Positive results from the HIMALAYA Phase III trial showed a single, high priming dose of tremelimumab added to Imfinzi (durvalumab) demonstrated a statistically significant and clinically meaningful overall survival (OS) benefit versus sorafenib as a 1st-line treatment for patients with unresectable hepatocellular carcinoma (HCC) who had not received prior systemic therapy and were not eligible for localised treatment.
This novel dose and schedule of tremelimumab, an anti-CTLA4 antibody, and Imfinzi is called the STRIDE regimen (Single Tremelimumab Regular Interval Durvalumab). The combination demonstrated a favourable safety profile, and the addition of tremelimumab to Imfinzidid not increase severe hepatic toxicity. Imfinzi alone demonstrated non-inferior OS to sorafenib with a numerical trend in favour of Imfinzi and an improved tolerability profile compared to sorafenib.
“This is the first time a dual immunotherapy regimen has improved overall survival as a 1st-line treatment for patients with unresectable liver cancer for whom treatment options are limited and long-term outcomes are poor.”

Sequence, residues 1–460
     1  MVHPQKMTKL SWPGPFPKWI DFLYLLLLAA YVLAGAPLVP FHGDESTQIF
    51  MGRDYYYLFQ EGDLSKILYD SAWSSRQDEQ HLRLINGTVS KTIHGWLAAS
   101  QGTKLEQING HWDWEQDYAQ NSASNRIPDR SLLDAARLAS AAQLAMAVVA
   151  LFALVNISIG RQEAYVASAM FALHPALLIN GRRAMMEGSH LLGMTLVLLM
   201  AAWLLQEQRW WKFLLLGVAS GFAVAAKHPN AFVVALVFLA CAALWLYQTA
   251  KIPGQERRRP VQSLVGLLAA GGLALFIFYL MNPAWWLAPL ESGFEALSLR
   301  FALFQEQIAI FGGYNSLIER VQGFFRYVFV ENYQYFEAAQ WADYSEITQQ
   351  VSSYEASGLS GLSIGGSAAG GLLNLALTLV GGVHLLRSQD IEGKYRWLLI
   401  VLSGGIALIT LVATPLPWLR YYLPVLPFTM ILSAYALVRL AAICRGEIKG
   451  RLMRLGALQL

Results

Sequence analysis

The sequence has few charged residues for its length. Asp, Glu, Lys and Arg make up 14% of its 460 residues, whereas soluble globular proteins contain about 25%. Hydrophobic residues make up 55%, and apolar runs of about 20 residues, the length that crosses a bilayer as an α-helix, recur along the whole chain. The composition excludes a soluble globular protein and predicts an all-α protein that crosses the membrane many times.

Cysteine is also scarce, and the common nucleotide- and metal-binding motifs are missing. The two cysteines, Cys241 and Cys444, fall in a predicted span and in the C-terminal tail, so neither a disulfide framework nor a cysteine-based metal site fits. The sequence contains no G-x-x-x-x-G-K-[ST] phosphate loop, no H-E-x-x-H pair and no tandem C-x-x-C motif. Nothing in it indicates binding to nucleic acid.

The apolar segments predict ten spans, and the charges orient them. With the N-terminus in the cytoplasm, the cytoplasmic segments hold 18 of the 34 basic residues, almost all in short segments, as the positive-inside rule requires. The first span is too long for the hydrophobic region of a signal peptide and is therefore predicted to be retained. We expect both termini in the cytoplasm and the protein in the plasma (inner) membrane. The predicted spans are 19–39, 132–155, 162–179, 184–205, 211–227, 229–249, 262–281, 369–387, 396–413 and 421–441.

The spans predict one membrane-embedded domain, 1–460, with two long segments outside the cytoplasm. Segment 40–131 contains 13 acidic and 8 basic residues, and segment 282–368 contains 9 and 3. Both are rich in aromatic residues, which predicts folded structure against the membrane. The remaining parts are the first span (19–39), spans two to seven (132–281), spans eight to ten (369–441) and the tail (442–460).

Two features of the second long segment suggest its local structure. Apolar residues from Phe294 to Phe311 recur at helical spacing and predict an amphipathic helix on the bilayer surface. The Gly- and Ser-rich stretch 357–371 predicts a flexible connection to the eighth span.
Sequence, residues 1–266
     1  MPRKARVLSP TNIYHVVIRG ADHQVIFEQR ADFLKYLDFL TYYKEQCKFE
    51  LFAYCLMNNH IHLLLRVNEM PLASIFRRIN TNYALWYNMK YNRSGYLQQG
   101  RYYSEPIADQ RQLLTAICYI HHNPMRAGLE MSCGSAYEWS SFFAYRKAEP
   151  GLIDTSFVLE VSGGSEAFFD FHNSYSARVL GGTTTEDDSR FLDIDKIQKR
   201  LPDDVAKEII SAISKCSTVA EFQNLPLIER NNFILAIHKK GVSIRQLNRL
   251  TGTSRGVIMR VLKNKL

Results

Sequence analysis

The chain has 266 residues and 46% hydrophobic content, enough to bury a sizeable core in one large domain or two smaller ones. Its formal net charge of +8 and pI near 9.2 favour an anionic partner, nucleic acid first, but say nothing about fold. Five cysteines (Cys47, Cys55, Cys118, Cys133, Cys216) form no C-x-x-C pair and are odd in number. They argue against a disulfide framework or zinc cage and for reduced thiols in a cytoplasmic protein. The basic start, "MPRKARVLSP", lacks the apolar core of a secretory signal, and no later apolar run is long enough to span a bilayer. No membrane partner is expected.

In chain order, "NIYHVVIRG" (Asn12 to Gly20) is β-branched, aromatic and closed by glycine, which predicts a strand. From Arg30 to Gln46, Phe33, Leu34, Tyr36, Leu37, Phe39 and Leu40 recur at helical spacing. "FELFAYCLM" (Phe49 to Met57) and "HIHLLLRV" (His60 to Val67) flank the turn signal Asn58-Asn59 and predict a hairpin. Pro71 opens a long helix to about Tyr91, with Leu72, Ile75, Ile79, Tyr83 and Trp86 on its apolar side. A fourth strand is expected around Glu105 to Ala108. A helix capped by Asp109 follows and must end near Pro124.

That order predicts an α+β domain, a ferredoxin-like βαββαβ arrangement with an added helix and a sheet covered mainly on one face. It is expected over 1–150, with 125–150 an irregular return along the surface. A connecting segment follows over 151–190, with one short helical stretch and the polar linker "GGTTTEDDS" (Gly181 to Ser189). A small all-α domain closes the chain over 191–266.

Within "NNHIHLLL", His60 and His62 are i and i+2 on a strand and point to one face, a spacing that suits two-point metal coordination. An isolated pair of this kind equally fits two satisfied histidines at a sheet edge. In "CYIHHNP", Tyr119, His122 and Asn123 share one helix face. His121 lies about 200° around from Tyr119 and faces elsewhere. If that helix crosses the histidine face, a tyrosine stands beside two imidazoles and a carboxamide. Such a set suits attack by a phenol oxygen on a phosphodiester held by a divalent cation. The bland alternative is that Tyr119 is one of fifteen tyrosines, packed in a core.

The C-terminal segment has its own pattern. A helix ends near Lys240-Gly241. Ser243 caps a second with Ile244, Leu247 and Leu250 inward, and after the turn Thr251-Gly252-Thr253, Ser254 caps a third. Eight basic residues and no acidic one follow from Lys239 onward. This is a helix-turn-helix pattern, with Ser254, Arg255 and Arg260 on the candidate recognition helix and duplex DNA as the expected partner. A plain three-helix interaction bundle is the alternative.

Granted Orphan Drug Designation
“Inhibition of CTLA-4 has shown the ability to drive benefit particularly in the tail of the survival curve in several settings. This is the first time a dual immunotherapy regimen has improved overall survival as a 1st-line treatment for patients with unresectable liver cancer for whom treatment options are limited and long-term outcomes are poor,” says Susan Galbraith, Executive Vice President, Oncology R&D, AstraZeneca.
Imfinziand tremelimumab were granted Orphan Drug Designations in the US for the treatment of HCC in 2020. Tremelimumab was also granted orphan designation in the EU in HCC in 2020.
Photo of Susan Galbraith